Close modal

As the interaction of antibody and antigen directly depends on the optimal presentation of the epitope, the different binding forces of KKO strongly indicate that PF4 and PF4/H complexes either expose different epitopes or allow better access of this monoclonal antibody to its epitope when bound to the platelet surface compared with their presentation on an inert gold surface. This further emphasizes that PF4/H complexes present the antigenic site differently when interacting with binding partners on platelet surfaces,14  and it provides an explanation for our surprising observation that KKO showed relatively weak reactivity when tested with PF4/H complexes in the solid-phase system,13  though at the same time, it strongly activates platelets in functional assays. However, we cannot exclude that besides a conformational change in PF4, the presentation of PF4/H complexes in a three-dimensional pattern on the platelet surface also contributes to better antibody binding. Currently, it is unresolved which additional binding partners on platelet surfaces interfere with the conformational change or different presentations of PF4/H complexes. However, chondroitin sulfate14  and polyphosphates15  are potential candidates. To exclude that the density of PF4 or PF4/H complexes on the gold surface was too low to allow both Fab moieties of KKO to bind, we tested coverage of the gold surface with PF4 by AFM and found a fully covered surface (Figure 2A-B).18 

These results were obtained by the model of monoclonal antibodies, which allows highly controlled experimental conditions. Transferred to human antibodies, our findings suggest that the same mechanism might be the underlying reason why a subset of human anti–PF4/H antibodies binds weakly in antigen assays but still strongly activates platelets in functional assays and causes HIT in vivo.19  It is recommended that a positive PF4/heparin enzyme immunoassay should prompt confirmatory testing by serotonin release assay20  or heparin-induced platelet activation.1  However, these functional assays are only available in specialized laboratories, and in many countries, no functional test for platelet-activating anti–PF4/P antibodies is available. Therefore, many physicians rely on the results of antigen tests, especially for the first days after clinical suspicion of HIT has been raised, until the results of the functional assay is reported (or they depend entirely on the results of the antigen test). As ∼50% of anti–PF4/H antibodies detected by antigen tests are clinically irrelevant, it had been suggested to use higher optical density (OD) cutoffs of the antigen tests (eg, OD ≥1.0) to increase the specificity for clinically relevant antibodies.21  Until further studies with human anti–PF4/P antibodies are performed, our study raises a note of caution to use higher cutoffs in antigen tests21  and to not exclude HIT in case of low reactivity in the antigen test (eg, enzyme immunoassay OD <1.0) if the clinical presentation is highly suggestive for HIT.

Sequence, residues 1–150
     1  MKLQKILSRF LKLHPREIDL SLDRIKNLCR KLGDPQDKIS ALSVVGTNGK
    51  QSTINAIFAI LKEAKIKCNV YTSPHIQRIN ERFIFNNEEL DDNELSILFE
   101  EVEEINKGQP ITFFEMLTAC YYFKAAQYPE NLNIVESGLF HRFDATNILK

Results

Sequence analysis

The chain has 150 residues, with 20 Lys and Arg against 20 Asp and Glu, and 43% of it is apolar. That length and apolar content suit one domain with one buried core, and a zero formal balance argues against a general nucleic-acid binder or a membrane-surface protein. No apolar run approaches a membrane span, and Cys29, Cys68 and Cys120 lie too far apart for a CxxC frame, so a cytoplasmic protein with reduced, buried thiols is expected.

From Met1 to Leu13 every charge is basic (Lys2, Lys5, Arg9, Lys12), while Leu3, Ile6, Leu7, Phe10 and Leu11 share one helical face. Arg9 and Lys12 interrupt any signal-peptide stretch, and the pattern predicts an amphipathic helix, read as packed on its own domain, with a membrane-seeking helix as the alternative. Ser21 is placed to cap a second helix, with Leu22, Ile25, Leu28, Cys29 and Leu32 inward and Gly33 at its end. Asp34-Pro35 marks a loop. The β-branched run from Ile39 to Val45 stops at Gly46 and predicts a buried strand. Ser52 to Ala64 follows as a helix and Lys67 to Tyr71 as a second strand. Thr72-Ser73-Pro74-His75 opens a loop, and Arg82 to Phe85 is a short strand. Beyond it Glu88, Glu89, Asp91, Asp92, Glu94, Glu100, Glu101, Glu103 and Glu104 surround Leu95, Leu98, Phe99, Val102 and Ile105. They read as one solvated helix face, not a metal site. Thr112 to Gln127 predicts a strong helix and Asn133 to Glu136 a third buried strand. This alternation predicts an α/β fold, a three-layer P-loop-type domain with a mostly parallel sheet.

The online version of this article contains a data supplement.

Acknowledgments: The authors thank Ulrike Strobel and Ricarda Raschke for providing washed platelets and help with heparin-induced platelet activation experiments and Nikolay Medvedev with the help with scanning electron microscopy images.

This work was supported by the Deutsche Forschungsgemeinschaft (Germany) (NG 133/1-1).

Contribution: T.-H.N. designed and performed the experiments, analyzed and interpreted the data, and wrote the manuscript; and A.G. designed the experiments, interpreted the data, and wrote the manuscript.

Conflict-of-interest disclosure: The authors declare no competing financial interests.

Correspondence: Andreas Greinacher, Institute for Immunology and Transfusion Medicine, University Medicine Greifswald, 17475 Greifswald, Germany; e-mail: greinach@uni-greifswald.de; and Thi-Huong Nguyen, Institute for Immunology and Transfusion Medicine, University Medicine Greifswald, 17475 Greifswald, Germany; e-mail: nguyent@uni-greifswald.de.

1.
Greinacher
A
.
Heparin-induced thrombocytopenia
.
N Engl J Med
.
2015
;
373
(
3
):
252
-
261
.